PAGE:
This year’s four part documentary looks at these ideas in action, and meets Kiwis with radical ideas showing the path to future-proof New Zealand. Kate Ross was interviewed for the What Next? episode to be aired on 11th June 2019, and will also be part of the live Facebook panel discussion after the programme.



© Scoop Media

Parliament Headlines | Politics Headlines | Regional Headlines

PM In US: Christchurch Call Leaders’ Dialogue

In only four short months we have – collectively – made real strides toward both preventing and responding to the very real harm caused by terrorist and violent extremist content online.

I know colleagues will speak to the details of this announcement, so I will only note that the plan for a reshaped Global Internet Forum to Counter Terrorism (the GIFCT) is a substantial, meaningful commitment by industry.

This has been developed in conversation with partner governments and civil society, in the spirit of collaboration of the Christchurch Call. More>>


Minister's Speech: Arms Legislation Bill, First Reading

Mr Speaker, the terror attacks at the mosques are not the first mass shooting this country has endured. Successive governments have known since the Thorp review of 1997 that our gun laws were too weak... More>>


Abuse In Care Royal Commission: Minister's Confidence 'Has Been Shaken'

Internal Affairs Minister Tracy Martin has refused to express confidence in the leadership of the Royal Commission of Inquiry into Abuse in Care, after it was revealed a convicted child sex offender was involved. More>>


'Equity Index': School Deciles Gone In Two Years

School deciles will be replaced in 2021 or 2022 by an Equity Index that better aligns equity funding to actual levels of socio-economic disadvantage in our schools, Education Minister Chris Hipkins announced today. More>>


Gordon Campbell: On The RWC, And The Op Burnham Inquiry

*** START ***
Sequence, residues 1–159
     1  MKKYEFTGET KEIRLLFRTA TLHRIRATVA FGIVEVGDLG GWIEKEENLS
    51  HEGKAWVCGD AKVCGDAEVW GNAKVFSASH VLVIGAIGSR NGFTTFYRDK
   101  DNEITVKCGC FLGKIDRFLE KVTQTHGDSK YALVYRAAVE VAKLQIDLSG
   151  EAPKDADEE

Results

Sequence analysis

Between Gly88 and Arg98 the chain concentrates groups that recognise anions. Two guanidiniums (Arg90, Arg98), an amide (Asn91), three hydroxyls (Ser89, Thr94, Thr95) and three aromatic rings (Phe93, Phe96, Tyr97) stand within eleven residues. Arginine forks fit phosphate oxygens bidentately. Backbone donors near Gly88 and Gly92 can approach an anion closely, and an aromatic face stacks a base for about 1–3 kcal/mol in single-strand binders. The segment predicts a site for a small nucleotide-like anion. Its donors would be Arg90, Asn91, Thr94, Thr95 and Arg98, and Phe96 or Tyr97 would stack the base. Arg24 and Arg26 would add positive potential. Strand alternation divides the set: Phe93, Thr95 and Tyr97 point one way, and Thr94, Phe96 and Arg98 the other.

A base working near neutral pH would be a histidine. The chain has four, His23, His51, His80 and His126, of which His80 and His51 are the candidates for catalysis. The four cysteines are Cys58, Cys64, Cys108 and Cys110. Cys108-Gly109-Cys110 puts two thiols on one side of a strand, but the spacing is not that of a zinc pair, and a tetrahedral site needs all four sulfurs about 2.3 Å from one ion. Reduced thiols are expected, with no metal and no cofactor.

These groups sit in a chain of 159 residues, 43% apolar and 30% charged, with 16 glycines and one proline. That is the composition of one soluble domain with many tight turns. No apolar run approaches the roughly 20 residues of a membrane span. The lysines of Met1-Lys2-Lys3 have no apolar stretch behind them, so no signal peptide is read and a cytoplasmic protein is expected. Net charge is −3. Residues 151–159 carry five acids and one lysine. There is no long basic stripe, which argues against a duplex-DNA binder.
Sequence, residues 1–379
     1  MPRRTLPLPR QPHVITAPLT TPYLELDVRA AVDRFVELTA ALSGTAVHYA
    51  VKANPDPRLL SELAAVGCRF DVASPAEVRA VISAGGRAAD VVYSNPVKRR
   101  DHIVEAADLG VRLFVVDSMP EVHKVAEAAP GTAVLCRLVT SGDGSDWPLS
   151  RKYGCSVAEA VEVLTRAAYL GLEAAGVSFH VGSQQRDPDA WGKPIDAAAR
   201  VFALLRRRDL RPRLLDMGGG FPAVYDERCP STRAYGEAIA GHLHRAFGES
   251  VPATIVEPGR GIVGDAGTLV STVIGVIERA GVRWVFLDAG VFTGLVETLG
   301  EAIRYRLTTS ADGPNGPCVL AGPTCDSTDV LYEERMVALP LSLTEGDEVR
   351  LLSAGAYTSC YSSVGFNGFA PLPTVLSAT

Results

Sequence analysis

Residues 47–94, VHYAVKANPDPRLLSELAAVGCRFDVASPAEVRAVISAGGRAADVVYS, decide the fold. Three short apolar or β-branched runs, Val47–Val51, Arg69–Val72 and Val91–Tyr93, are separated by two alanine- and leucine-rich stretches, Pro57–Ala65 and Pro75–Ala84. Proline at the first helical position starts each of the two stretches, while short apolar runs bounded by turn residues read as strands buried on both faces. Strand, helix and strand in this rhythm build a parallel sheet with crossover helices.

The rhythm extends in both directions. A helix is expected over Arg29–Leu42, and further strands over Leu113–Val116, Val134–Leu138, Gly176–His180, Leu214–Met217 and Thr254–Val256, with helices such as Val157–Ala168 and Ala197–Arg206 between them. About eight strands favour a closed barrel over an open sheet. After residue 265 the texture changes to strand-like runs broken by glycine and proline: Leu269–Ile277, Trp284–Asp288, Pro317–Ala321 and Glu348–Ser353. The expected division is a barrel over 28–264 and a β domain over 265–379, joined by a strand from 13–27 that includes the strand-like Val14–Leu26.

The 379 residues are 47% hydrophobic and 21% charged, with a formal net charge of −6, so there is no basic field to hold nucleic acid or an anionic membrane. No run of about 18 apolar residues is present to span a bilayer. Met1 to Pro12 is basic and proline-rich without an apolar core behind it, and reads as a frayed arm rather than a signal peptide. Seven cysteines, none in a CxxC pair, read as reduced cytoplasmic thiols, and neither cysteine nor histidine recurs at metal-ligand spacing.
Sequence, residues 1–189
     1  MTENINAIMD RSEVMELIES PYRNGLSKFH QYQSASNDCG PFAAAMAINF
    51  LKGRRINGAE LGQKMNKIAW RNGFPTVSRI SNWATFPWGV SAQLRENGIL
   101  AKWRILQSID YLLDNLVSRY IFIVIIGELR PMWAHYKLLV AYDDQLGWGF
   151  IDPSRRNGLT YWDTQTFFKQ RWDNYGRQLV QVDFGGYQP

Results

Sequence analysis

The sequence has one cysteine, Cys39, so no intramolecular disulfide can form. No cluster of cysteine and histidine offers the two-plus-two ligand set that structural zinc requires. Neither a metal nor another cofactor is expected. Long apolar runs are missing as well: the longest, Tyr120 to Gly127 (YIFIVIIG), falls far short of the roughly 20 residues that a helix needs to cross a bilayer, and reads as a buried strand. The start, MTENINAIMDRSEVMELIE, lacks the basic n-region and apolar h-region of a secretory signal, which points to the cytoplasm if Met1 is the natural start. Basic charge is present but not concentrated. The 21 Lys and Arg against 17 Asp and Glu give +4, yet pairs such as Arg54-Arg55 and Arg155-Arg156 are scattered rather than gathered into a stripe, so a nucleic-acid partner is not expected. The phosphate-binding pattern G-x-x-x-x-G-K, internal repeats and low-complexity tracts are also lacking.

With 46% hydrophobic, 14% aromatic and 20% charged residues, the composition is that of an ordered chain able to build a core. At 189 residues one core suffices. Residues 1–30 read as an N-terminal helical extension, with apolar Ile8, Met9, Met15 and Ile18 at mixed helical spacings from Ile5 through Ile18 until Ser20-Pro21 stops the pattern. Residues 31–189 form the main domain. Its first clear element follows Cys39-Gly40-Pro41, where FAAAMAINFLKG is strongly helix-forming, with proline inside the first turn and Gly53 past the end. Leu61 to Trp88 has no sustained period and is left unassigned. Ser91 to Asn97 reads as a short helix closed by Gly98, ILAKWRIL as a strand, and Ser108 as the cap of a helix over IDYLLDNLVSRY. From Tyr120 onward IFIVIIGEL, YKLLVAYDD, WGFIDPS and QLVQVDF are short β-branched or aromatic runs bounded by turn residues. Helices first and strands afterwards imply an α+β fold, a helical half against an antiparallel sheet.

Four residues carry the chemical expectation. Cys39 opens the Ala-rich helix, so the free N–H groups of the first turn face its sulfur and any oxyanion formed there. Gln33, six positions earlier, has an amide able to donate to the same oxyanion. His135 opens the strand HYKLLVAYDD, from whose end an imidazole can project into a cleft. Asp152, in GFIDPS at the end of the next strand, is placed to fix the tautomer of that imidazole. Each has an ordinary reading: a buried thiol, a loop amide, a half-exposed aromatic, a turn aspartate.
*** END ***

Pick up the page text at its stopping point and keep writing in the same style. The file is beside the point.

Last week’s cross-examination of the military’s former top brass demonstrated in detail that the NZDF had consistently misled its Ministers (and the wider public) for years, over the impact of our military activities in Afghanistan. More>>

Call For Action On Expert Panel Report: Welfare System Needs Urgent Change

If we want New Zealand to be the best place in the world to be a child, the Government needs to increase benefits, remove sanctions, individualise benefits, and fix abatement rates now, says Child Poverty Action Group and ActionStation . More>>


First Data Releases: Mixed External Report On Census Fail Mitigation

The panel endorses the statistical approaches used to mitigate non-response... However, the unprecedented use of alternative government datasets to augment census data raises questions around ethics, social licence, cultural licence, and Māori data sovereignty. More>>


Aitches: Manawatū-Whanganui Region Spelling Corrected

The Manawatu-Wanganui Region will in future be correctly spelt Manawatū-Whanganui Region. The change also means the regional council will be known as the Manawatū-Whanganui Regional Council. Horizons Regional Council is the trading name for the council. More>>

PM In Japan: Jacinda Ardern’s Remarks Following Abe Summit

Today we discussed a wide range of topics. Broadly the themes were: a deeper, high-value trade and investment relationship, greater cooperation in the Pacific; and strengthening our security partnership. More>>





InfoPages News Channels